Furthermore, I like it even more because it’s similar to a good ‘one shot’ musical anime manga. Obviously, it’s not without flaws, but imagine this: classical and rock vibes dancing together in this sweet, feel-good bite-sized rom-com tale.

Reading it just feels good-lifts your mood, no questions asked.

2. Oshi no Ko (推しの子) (2020–present)

“Lies are a weapon in this entertainment world.” Goro works as an obstetrician and gynecologist in a local city. Days unrelated to the entertainment world. On the other hand, his “preferred” idol, Ai Hoshino, has begun to rise to stardom. Such two people have a “worst” encounter, and their destiny.

Now that the anime came out everyone knows how good of a series it is. And even if you have not watched the series there’s a 90% chance you already know the opening to the series.

It’s that one opening song from the last year that no one stops talking about. Yes, I’m talking about IDOL by Yoasobi. 

With an impressive 45.7 million streams and 24,000 copies sold internationally, the opening song “Idol” not only marked a historic achievement for anime soundtracks but also for Japanese music.

From topping the  Billboard Global 200 Excl. U.S. charts to Apple Music’s Top 100: Global chart, it just solidified its status as a global sensation.

But forget the anime community, before the anime even hit the scene, the collaboration between Mengo Yokoyari and Aka Akasaka had everyone buzzing in the manga community.

If you’ve watched or read “Kuzu no Honkai” (Scum’s Wish), you’d understand the excitement of seeing the author of such a series teaming up with the creator of one of the most popular romantic comedy manga out there. 

It’s an unexpected but thrilling combination that promises a unique storytelling experience. When the news broke, I was super hyped, and it certainly lived up to expectations.

So much so, that it earned the top spot on our list of the new best manga of 2022.

If you’re into the idea of a mature idol anime with a dark twist and a hint of drama and mystery, I’d definitely recommend giving it a try.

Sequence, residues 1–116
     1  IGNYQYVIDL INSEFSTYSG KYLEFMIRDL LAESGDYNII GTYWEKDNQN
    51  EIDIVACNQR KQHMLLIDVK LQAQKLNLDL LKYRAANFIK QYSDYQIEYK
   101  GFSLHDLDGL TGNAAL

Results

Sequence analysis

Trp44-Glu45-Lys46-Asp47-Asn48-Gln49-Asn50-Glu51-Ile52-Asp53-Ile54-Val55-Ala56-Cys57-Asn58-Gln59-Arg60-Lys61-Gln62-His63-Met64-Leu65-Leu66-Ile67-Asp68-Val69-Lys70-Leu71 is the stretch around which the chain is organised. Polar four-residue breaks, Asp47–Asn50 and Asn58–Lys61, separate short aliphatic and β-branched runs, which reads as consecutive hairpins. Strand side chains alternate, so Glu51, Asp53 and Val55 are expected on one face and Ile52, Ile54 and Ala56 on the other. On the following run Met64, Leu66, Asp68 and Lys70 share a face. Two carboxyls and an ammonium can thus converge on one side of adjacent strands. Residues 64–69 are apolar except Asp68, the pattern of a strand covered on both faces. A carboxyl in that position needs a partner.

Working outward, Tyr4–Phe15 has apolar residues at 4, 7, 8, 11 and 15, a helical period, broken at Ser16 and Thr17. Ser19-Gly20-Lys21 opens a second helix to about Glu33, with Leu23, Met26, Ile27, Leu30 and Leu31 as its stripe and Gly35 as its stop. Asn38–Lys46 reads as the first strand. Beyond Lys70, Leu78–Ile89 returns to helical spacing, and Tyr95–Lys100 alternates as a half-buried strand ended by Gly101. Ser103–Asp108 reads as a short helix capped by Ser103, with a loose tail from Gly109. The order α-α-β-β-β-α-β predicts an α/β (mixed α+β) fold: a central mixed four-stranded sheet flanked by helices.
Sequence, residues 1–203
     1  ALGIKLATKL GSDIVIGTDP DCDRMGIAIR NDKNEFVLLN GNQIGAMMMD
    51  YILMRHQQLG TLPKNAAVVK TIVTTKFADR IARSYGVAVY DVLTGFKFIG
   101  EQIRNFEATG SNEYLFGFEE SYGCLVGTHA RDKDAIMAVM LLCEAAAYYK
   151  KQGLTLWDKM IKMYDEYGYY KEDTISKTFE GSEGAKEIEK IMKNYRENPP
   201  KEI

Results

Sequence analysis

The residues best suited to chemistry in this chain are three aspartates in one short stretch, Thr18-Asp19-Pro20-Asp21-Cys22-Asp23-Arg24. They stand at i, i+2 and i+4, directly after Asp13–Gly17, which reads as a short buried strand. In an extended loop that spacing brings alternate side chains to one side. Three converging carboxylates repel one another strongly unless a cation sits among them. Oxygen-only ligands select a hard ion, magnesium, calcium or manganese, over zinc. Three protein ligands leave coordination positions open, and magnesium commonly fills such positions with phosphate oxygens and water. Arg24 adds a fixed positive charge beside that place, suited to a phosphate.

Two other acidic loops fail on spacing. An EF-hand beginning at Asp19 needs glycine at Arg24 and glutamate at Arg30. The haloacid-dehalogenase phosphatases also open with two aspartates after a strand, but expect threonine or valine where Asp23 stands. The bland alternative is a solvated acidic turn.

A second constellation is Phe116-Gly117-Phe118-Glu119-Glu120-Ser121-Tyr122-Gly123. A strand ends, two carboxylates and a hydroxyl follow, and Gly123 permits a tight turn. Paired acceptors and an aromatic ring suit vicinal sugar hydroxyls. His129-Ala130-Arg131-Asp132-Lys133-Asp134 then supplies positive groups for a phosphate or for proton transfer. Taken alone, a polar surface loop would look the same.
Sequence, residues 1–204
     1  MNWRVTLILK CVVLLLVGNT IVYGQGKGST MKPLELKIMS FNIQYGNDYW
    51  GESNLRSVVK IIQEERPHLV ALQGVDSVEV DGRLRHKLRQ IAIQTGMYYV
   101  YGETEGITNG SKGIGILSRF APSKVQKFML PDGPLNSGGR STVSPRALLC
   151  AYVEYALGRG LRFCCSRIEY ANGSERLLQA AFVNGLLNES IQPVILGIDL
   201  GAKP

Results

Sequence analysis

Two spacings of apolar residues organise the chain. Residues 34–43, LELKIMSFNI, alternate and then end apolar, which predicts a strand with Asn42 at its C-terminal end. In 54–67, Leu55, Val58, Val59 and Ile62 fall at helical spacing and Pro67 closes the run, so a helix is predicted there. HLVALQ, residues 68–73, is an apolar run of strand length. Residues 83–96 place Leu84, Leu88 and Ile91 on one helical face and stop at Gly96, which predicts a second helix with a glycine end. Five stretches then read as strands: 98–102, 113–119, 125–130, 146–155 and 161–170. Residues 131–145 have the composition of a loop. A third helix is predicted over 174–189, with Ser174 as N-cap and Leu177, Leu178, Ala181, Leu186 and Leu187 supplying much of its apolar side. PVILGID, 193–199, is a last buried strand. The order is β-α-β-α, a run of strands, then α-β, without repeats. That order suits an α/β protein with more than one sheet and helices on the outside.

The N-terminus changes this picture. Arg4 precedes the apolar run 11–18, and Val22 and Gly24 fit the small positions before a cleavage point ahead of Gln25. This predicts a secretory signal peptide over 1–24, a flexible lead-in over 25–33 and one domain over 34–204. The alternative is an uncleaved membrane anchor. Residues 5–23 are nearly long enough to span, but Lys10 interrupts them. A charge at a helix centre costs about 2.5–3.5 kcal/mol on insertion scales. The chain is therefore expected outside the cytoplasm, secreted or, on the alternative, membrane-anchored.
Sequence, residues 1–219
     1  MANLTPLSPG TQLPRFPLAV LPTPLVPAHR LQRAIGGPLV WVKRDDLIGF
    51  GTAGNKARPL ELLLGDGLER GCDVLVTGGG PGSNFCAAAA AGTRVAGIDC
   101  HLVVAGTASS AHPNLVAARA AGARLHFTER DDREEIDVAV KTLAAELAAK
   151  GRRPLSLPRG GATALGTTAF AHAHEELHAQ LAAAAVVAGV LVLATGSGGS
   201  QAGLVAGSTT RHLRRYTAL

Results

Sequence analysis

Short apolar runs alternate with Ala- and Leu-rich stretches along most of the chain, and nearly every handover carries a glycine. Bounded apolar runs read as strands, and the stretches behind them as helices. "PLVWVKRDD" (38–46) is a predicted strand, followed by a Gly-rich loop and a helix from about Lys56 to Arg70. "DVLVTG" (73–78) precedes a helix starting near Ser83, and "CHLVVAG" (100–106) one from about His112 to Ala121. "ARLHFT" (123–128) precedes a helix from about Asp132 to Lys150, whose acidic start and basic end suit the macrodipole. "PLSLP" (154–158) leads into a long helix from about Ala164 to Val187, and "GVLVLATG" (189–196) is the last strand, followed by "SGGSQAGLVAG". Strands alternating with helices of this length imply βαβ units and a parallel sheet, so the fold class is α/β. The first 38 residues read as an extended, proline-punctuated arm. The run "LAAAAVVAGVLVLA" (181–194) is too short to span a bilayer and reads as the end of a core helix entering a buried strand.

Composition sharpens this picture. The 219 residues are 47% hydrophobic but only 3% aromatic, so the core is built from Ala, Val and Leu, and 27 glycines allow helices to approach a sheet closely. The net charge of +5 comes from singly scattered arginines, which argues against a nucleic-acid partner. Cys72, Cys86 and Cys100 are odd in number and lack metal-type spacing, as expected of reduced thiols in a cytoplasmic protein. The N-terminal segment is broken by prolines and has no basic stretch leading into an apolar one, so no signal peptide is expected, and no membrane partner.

1. Kaguya-sama: Love Is War (かぐや様は告らせたい ~天才たちの恋愛頭脳戦~) (2015–2022)

“If you confess your love, you lose!” Good family and personality!! Shuchiin Academy, where talented people with high expectations for the future gather!! They should be attracted to each other, but… It’s been half a year without anything!! Oops!? Love is fun until it’s fulfilled!!”

While with most of the other titles in the list, Akasaka Sensei is either credited with art or story but for this one, he is responsible for both, handling both the art and story aspects. 

Even though there are countless rom-com manga out there, this series stands out as a character-driven narrative, offering a fresh take on romance within the anime manga community.

As I’ve mentioned before, Akasaka Sensei has a knack for crafting deeply relatable characters, and he takes it to the next level in this magnum opus of his.

Through a blend of comedy and coming-of-age themes, he masterfully developed each character, allowing them to evolve and grow in ways that resonate deeply with the audience.

Initially, when I heard about the final arc of the manga and the start of “Oshi no Ko,” I was worried about how it might affect “Kaguya-sama” quality. But over time, that impression changed a little. And by the end, I was really satisfied with how “Kaguya-sama” concluded.

Most people were complaining about how the series didn’t end with a bang but I loved it. Just like I loved the over-the-top start of the series, I enjoyed how it winded down with occasional bursts of humor. 

For instance, there’s the clever setup of the teen pregnancy joke, Kei’s persistent rebellious streak, the comedic moments with a drunk Iino, and the amusing interactions involving Tsundere Iino.

Additionally, the antics of the board games club and the hilarious sumo wrestler joke added delightful touches of humor to the series. I won’t spoil the ending but I’ll definitely recommend you to start reading it.